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My first experience was the presentation of Cry Witch. In that presentation, we were presented with a trial based on the facts of history. I was surprised that members of the audience were invited to ask questions of the witnesses and the suspected witch. Presenters answered those questions based on their study of historical documents in the Grace Sherwood case. At the end, before learning of her actual fate, the audience cast votes to determine her sentence.
My quote had something to do with my brother being killed by the Shawnee Indians. When someone else brought up the Shawnee as a reason we should not begin a revolution, I knew my line in favor of revolution would fit...and I delivered it with all the passion of the greatest Shakespearean actor at the Globe.
The presentation moved quickly, but it was very revealing: the textbooks reduce all of this history stuff to a page with a picture, but it wasn't that easy to make a decision. The vote in this location in real life had to be unanimous in order to pass, so even though our group overwhelmingly voted to support a call for a Declaration of Independence, it failed to pass.
Because of my presentation the night before, I was recruited for a special role in another presentation the next morning. I was given a colonial shirt to wear and a special place to sit inside the capitol. My extended role was that of Patrick Henry. My lines were short, but had great potential for drama:
Caesar had his Brutus, Charles I his Cromwell, and George III... [Henry was interrupted by cries from the opposition]… may profit by their example. If this be treason, make the most of it!
It wasn't until later that the heaviness of that moment struck me: I had just delivered Patrick Henry's speech in the location where Patrick Henry delivered his speech. I realize the building was rebuilt on the original foundation, but the location is the same.
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Later, I picked up a couple of souvenirs to remind me of that moment: a coaster with another of my lines.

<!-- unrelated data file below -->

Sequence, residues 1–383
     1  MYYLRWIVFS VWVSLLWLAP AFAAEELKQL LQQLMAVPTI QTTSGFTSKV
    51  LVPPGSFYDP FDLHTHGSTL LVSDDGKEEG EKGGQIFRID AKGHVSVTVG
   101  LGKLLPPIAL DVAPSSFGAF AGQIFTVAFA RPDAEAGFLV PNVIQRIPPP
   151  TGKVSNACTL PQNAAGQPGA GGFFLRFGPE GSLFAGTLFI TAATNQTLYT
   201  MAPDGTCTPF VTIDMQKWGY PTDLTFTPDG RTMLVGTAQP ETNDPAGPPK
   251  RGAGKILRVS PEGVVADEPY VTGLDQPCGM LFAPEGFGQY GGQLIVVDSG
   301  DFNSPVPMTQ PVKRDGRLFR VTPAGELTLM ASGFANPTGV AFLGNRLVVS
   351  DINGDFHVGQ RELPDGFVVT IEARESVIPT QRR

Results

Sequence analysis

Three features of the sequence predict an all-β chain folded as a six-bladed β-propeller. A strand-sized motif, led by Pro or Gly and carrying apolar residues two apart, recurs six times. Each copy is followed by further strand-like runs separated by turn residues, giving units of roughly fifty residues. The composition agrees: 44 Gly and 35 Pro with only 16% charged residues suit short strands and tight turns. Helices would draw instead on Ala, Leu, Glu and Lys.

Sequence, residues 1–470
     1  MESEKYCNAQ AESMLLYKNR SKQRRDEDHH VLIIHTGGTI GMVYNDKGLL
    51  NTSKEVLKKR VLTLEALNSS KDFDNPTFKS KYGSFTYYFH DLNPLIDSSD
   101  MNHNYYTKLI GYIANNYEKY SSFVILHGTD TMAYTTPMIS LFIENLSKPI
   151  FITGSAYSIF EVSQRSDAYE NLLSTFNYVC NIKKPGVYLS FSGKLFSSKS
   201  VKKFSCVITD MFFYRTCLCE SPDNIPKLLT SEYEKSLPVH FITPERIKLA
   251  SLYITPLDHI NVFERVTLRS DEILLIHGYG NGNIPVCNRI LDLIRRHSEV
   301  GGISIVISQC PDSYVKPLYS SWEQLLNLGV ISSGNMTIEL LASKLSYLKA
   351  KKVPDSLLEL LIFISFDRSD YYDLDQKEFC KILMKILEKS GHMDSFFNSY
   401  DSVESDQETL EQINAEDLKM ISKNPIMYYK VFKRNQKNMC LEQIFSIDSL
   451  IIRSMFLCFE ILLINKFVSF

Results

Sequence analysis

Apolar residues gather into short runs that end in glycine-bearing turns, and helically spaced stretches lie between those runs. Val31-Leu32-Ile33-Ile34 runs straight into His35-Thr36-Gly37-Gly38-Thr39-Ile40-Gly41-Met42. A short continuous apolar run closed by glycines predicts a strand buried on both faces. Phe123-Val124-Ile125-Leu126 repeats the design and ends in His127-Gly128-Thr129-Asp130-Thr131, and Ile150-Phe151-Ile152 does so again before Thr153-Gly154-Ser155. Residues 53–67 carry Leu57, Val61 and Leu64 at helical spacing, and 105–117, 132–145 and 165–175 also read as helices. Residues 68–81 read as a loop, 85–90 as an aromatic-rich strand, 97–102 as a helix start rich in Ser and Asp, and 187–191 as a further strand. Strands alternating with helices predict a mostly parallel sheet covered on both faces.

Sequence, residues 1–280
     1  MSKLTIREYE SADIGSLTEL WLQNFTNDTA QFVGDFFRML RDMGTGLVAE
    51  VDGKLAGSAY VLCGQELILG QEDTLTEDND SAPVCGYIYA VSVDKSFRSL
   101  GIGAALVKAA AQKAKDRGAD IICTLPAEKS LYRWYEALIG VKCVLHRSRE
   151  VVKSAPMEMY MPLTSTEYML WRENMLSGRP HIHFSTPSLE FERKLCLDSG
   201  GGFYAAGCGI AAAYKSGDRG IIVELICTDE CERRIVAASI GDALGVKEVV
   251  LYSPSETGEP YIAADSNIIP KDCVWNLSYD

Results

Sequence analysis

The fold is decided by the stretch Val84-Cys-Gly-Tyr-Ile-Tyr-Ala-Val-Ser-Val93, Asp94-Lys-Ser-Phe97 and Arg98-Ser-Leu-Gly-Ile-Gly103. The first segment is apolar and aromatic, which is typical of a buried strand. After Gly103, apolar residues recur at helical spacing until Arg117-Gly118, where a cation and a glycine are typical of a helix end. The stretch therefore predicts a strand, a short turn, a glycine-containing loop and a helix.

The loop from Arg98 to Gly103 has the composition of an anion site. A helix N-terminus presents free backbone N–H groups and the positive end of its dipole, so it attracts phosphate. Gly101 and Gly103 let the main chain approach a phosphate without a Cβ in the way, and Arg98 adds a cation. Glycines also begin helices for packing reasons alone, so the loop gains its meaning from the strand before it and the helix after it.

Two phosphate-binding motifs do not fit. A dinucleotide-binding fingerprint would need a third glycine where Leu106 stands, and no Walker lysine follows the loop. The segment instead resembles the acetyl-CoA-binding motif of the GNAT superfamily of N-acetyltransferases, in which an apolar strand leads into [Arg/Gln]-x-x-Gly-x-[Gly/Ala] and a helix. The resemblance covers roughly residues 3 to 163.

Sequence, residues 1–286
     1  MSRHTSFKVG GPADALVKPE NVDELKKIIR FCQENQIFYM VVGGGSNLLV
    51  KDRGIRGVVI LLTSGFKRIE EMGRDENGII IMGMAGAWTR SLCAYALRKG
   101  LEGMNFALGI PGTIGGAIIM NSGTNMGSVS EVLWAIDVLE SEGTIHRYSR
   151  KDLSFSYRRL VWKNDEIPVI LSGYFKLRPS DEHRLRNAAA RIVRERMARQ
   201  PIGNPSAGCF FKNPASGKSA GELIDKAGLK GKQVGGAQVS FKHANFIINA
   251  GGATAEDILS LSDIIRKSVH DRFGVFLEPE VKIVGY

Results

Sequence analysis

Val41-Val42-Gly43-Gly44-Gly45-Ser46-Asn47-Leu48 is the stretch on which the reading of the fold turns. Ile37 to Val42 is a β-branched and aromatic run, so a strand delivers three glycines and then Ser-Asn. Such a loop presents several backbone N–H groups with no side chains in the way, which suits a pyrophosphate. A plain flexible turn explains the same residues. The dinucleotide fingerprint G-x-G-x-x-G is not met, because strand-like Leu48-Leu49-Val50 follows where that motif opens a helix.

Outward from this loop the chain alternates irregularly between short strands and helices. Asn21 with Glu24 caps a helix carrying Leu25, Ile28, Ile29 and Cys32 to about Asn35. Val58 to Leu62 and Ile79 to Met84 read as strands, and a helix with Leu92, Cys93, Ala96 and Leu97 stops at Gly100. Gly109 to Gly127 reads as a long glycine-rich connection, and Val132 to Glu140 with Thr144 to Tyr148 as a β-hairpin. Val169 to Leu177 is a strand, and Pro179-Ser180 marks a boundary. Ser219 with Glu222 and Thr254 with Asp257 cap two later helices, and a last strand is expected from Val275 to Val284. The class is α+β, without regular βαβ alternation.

Give me liberty or give me death!
Henry actually gave that persuasive line after the capitol was moved to Richmond, but it was iconic enough to be included in this presentation.
All in all, the performance was awesome. This was a show that is not presented any more due to the size of the cast necessary, but it was really interesting to follow the three "acts" of the show as it progressed from room to room in the capitol building.
This performance followed the same format at the witch trial, but this time we were hearing evidence in an attempt to convict Israel Hands, Blackbeard's first mate. Once again, the floor was opened to anyone in the audience to ask questions of the witnesses, and after a while, we all voted. Our group voted for the pirate's guilt, but like the witch, the real story of Israel Hands ended with an interesting twist.
Like Voices of the Revolution, a statement was read that we would vote for or against. Then, in the same manner as that presentation from earlier in the week, the floor was opened for anyone to be recognized. We would speak to the Speaker. Out of our group of 19 teacher-participants, about 10 were given their turns to speak. These elementary teachers represented a variety of the king's colonial subjects as they presented their prepared paragraphs or poetry.
I waited for the right time to raise my hand, but that time had not yet arrived. It looked as if no one else was going to say anything. The Speaker was getting ready to gavel and call for the vote. But I was prepared. Just before she called it over and done, I raised my hand. I was going to be heard!